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Some investors and financial analysts try to estimate the risk an investment poses by speculating on how much the investment is likely to increase in value as opposed to how much it could decline.
For example, a stock priced at $50 that analysts think could increase to $90 or decrease to $30 has a 4:2 risk ratio, because they estimate the stock could go up $40 but down $20.
Critics point out that it is impossible to provide an accurate estimate of future prices, rendering risk ratios meaningless.Yahoo Finance - Cite This Source - This Definition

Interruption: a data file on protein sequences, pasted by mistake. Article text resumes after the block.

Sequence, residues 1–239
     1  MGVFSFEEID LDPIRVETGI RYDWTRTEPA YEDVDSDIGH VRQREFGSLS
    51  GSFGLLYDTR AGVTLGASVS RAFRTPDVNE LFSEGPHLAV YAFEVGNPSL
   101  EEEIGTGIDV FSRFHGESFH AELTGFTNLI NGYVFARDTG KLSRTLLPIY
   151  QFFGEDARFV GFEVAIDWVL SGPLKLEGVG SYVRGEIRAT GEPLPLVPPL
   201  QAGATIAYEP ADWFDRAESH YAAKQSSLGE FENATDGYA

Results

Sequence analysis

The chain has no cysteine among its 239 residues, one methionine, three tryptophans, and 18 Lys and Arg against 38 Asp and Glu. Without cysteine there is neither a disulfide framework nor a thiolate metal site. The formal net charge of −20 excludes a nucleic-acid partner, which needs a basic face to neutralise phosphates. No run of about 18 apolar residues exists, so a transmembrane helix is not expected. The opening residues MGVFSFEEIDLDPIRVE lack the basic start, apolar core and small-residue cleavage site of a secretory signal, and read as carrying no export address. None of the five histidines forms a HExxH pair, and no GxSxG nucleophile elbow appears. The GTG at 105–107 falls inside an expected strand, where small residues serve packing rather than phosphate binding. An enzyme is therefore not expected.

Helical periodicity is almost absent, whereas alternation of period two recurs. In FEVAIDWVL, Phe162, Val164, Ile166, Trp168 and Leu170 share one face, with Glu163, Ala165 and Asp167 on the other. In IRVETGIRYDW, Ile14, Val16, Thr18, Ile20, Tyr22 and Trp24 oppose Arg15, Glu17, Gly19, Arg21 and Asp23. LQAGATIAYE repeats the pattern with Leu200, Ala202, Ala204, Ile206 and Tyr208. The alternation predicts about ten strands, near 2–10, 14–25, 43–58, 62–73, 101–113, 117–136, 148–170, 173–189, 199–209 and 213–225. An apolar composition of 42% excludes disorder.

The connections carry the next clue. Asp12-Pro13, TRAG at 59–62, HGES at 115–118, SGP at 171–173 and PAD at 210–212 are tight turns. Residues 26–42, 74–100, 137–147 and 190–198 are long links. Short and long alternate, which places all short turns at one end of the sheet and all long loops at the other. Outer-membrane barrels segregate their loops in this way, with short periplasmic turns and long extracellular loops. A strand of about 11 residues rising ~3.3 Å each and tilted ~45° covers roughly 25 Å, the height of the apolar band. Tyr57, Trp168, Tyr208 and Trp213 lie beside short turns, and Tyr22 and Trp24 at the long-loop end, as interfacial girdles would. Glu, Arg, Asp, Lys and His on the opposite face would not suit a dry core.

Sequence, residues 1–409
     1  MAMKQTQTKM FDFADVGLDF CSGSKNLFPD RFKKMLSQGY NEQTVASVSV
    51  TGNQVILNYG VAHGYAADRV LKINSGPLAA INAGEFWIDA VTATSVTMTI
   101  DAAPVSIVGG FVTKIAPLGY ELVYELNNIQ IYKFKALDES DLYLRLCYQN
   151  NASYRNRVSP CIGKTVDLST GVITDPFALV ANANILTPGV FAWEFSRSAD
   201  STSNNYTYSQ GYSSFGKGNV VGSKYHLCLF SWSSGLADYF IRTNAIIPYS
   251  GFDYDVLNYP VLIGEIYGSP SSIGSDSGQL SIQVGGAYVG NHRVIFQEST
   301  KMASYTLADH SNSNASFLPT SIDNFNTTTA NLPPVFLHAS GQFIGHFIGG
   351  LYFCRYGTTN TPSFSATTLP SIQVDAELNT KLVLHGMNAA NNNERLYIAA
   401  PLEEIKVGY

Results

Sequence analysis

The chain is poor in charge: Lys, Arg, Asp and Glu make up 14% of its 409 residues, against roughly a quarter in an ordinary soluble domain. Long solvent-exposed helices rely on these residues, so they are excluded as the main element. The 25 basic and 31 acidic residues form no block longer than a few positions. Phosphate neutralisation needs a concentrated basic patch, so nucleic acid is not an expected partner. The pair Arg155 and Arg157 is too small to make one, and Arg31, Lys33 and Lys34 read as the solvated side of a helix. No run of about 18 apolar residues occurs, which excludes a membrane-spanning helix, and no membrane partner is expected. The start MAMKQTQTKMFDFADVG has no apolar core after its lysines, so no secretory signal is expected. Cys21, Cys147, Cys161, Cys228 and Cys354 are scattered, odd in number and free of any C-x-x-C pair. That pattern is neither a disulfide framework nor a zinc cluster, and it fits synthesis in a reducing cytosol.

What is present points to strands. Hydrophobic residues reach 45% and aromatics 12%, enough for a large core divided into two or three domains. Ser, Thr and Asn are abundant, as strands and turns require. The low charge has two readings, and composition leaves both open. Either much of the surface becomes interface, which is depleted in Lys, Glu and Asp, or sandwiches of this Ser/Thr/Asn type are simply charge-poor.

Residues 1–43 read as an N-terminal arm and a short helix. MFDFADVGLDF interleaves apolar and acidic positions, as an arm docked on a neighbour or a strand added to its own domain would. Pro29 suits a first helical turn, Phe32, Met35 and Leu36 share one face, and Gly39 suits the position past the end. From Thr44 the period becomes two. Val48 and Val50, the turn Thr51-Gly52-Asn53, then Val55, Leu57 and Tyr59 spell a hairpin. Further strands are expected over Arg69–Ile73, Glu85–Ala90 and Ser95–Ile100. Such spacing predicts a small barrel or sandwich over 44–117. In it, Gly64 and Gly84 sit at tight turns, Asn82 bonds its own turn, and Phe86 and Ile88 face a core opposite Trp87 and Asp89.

- Browse Related Terms: Alpha, Book value, Dividend yield, Earnings estimate, Earnings momentum, Earnings surprise, Forward price-to-earnings ratio, Multiple, Outstanding shares, Price-to-book ratio, Price-to-earnings ratio (P/E), Price-to-sales ratio, Quarter, risk ratio, Special situation, Undervaluation, valuation, Value stock, Whisper number, Zacks Investment Research
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